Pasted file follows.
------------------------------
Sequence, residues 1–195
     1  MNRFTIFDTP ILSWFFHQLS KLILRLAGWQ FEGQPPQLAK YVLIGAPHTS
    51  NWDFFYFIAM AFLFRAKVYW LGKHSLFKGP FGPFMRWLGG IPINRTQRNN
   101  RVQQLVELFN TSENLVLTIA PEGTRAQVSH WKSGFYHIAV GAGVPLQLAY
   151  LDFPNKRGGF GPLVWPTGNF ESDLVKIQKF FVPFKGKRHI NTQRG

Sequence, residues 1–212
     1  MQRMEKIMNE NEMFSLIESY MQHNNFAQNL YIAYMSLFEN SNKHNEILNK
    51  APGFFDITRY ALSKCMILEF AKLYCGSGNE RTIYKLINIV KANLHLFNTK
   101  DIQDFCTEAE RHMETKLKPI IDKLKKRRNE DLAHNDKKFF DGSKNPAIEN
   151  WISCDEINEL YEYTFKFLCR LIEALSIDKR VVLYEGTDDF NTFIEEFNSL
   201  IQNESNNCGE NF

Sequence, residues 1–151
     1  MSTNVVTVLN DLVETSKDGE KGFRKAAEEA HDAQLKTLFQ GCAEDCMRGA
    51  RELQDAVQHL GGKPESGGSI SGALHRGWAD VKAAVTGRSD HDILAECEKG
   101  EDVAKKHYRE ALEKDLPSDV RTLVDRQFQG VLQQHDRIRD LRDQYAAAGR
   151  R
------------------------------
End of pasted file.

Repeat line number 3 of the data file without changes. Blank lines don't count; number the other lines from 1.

    51  NWDFFYFIAM AFLFRAKVYW LGKHSLFKGP FGPFMRWLGG IPINRTQRNN